This is vital, says Ma, “so markets can identify what is green and what is less green.”

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Transparency, disclosure and regular reporting is a major theme for investors and central banks, says Andrew Bailey, deputy governor at the Bank of England.

The Bank caused waves in 2014 when its chief Mark Carney warned of the risks posed by companies holding large amounts of fossil fuel assets in a world worried about climate change.

Carney told a World Bank meeting the “vast majority of reserves are unburnable” if the governments were serious about limiting warming to below 2C.

The risks of financial crisis from the permanent impairment of oil, gas and coal assets are “very real to us” said Bailey, adding this was a “natural bridge to green finance.”

Key to changing business and city investment models was more disclosure.

The Bank is “very supportive” of a panel led by Michael Bloomberg to draft voluntary reporting standards on climate and environmental risks, says Bailey.

The hope is this that including water use, fossil fuel holdings and other factors under one common reporting umbrella will make it easier for investors to assess a company’s risk to environmental laws.

“We are moving in a world where investment managers are demanding more information,” says Nikhil Rathi, CEO of the London Stock Exchange Group.

More information could help investors make wise choices, but it’s also likely to offer companies a better sense of their long-term strategies, says Waygood.

Aviva recently placed 40 coal companies on notice that it would ditch its shares in their businesses unless they could prove they were trying to slash their carbon footprint.

“There is a dearth of understanding globally on how these issues can affect cashflow and pensions,” he adds.

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Regulatory and legal risks of fossil fuel investments may encourage some investors to exclude these holdings from future portfolios, but transparency may make other proposals more attractive.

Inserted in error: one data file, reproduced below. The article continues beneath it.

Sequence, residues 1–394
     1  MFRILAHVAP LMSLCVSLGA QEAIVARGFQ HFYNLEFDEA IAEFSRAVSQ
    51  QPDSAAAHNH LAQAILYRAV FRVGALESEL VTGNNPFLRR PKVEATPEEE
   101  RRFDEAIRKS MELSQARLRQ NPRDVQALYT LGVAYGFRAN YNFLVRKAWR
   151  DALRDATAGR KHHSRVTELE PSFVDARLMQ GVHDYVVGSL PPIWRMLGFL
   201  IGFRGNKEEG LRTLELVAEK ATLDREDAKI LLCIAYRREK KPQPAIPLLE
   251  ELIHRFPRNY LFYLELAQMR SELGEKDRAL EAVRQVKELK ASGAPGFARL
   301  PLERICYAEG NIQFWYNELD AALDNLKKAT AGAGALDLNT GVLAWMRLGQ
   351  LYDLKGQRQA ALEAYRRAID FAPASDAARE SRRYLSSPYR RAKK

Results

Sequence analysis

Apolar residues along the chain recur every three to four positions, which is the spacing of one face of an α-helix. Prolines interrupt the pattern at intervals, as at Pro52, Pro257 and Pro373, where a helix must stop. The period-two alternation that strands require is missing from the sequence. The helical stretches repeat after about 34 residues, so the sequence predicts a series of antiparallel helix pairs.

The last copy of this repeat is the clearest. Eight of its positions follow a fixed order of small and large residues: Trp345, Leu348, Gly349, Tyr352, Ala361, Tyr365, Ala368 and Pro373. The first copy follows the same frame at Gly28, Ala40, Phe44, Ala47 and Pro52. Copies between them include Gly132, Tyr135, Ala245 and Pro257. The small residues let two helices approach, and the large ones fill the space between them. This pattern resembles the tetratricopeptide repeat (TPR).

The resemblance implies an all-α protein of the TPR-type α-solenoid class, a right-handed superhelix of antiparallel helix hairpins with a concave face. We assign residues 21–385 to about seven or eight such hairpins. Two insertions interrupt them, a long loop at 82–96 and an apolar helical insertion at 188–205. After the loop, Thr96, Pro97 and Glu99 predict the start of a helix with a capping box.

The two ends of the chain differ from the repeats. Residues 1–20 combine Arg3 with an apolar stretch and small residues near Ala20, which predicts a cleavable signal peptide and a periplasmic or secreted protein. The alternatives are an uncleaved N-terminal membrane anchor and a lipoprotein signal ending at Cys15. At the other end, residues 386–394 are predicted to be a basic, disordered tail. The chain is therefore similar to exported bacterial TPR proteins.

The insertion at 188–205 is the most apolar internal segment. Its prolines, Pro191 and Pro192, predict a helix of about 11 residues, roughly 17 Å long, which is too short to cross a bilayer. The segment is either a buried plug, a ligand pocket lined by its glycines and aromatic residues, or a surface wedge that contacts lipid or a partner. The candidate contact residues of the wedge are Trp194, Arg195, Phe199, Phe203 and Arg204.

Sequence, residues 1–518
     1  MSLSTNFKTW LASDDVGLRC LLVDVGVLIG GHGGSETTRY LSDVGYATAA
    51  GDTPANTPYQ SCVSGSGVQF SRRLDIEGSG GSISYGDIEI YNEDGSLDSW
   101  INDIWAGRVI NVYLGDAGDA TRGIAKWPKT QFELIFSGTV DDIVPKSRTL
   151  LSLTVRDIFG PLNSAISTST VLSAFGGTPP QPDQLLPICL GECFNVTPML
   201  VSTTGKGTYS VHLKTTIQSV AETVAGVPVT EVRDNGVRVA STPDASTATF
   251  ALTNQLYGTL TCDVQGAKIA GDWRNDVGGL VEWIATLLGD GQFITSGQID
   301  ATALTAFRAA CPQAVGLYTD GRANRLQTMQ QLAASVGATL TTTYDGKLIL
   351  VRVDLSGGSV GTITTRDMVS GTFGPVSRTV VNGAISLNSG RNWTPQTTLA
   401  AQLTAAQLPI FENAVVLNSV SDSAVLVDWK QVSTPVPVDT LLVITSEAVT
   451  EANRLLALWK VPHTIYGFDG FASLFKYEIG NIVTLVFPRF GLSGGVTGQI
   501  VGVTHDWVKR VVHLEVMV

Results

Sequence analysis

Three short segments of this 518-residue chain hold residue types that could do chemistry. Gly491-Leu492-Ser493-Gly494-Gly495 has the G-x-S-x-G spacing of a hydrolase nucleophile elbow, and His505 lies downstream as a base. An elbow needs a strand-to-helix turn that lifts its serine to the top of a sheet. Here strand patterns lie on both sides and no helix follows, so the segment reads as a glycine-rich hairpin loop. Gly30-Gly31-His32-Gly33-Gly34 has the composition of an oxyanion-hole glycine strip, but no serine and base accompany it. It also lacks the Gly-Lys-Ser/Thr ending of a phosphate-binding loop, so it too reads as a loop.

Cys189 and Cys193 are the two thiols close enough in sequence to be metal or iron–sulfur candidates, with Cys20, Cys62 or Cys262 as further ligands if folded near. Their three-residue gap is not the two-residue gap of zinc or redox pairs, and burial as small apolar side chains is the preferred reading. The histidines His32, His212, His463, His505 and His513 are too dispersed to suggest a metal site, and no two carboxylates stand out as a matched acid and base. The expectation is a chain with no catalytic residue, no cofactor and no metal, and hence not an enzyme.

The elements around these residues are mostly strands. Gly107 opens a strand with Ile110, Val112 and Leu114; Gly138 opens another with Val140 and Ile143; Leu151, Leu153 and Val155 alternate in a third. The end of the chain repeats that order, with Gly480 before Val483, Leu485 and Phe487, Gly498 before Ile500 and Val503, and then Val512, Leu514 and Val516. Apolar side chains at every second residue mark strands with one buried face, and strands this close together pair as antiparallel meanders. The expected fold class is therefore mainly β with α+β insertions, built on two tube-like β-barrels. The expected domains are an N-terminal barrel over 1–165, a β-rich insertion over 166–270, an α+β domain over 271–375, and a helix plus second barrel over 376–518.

“What has changed is we are now looking for opportunities to ‘include’ types of investments,” says Allianz’s Corley.

“We have moved from a policy of exclusion which could make it impossible for some companies to modernise and invest in lower carbon infrastructure… to ‘inclusion’.”

With oil and coal stocks in turmoil and the global economy shuddering, it’s perhaps a reflection of the growing appetite investors have for safer harbours.

The spectrum for green investments is a now a “50 shades of green”, she says. This ranges from helping CO2 intensives to clean up at one end to investing in renewables at the other.

These looser interpretations of what’s good for the environment have made many sceptical of the nascent but fast-growing green bonds market.

$41.8bn were issued in 2015, but some were of questionable quality. Climate Home revealed one $94 million bond issue ended up supporting a multi-storey car park in Massachusetts.

It’s a question of transparency and simplicity says HSBC’s Lake. Offering clarity on the carbon content and environmental impact of all types of investments is likely to be a huge step.

“We don’t want to create a new paradigm. The reality is we want to simplify this,” he says.

Speaking from Nairobi, UN Environment Programme chief Achim Steiner – whose organisation has invested heavily in research into green finance trends – says the world is on the cusp of a new financial era.

“The centre of gravity is shifting… stock markets committed to sustainability doubled in 2015,” he says.

“It is the beginning of a race to the top among leading finance centres. We are at the cutting edge of green innovation.”

Read more on: Climate finance | Climate finance | Green bonds